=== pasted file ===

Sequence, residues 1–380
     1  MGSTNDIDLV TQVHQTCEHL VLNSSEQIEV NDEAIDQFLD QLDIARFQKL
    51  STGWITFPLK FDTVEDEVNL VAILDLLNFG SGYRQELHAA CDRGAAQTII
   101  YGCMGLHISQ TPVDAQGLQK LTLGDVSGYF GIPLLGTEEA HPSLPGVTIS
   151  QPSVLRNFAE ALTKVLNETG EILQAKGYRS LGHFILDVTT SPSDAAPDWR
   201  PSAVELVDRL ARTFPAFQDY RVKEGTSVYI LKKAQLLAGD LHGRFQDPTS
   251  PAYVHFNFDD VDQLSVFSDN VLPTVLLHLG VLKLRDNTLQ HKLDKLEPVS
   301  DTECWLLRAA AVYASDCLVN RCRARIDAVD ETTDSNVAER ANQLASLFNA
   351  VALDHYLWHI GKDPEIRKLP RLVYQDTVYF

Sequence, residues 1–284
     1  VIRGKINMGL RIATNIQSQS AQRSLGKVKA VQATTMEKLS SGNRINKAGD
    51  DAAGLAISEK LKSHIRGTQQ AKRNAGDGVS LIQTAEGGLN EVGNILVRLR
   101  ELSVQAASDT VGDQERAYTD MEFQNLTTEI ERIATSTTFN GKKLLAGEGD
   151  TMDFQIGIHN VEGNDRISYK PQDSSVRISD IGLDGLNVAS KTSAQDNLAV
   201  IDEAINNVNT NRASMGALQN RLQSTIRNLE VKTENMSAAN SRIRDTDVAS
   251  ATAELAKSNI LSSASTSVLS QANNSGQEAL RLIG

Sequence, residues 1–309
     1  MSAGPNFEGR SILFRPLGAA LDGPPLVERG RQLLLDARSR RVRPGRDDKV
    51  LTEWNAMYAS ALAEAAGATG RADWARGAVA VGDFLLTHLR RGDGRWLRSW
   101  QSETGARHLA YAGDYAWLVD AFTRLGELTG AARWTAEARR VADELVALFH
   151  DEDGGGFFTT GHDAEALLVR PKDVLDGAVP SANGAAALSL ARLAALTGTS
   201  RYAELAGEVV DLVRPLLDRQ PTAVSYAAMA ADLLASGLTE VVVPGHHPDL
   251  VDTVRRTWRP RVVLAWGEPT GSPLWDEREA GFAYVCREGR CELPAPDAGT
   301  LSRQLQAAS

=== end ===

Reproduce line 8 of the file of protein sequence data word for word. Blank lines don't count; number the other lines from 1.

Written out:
   301  DTECWLLRAA AVYASDCLVN RCRARIDAVD ETTDSNVAER ANQLASLFNA